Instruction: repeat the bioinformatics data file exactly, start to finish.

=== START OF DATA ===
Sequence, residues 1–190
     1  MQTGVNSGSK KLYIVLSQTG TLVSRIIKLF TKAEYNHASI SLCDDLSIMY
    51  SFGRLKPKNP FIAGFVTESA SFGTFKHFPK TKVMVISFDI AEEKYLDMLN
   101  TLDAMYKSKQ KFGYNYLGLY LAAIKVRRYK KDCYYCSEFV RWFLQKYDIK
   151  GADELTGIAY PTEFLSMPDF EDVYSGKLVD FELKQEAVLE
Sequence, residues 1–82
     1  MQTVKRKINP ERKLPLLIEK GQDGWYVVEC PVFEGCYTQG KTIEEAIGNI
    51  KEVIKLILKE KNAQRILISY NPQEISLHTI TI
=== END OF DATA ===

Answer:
Sequence, residues 1–190
     1  MQTGVNSGSK KLYIVLSQTG TLVSRIIKLF TKAEYNHASI SLCDDLSIMY
    51  SFGRLKPKNP FIAGFVTESA SFGTFKHFPK TKVMVISFDI AEEKYLDMLN
   101  TLDAMYKSKQ KFGYNYLGLY LAAIKVRRYK KDCYYCSEFV RWFLQKYDIK
   151  GADELTGIAY PTEFLSMPDF EDVYSGKLVD FELKQEAVLE
Sequence, residues 1–82
     1  MQTVKRKINP ERKLPLLIEK GQDGWYVVEC PVFEGCYTQG KTIEEAIGNI
    51  KEVIKLILKE KNAQRILISY NPQEISLHTI TI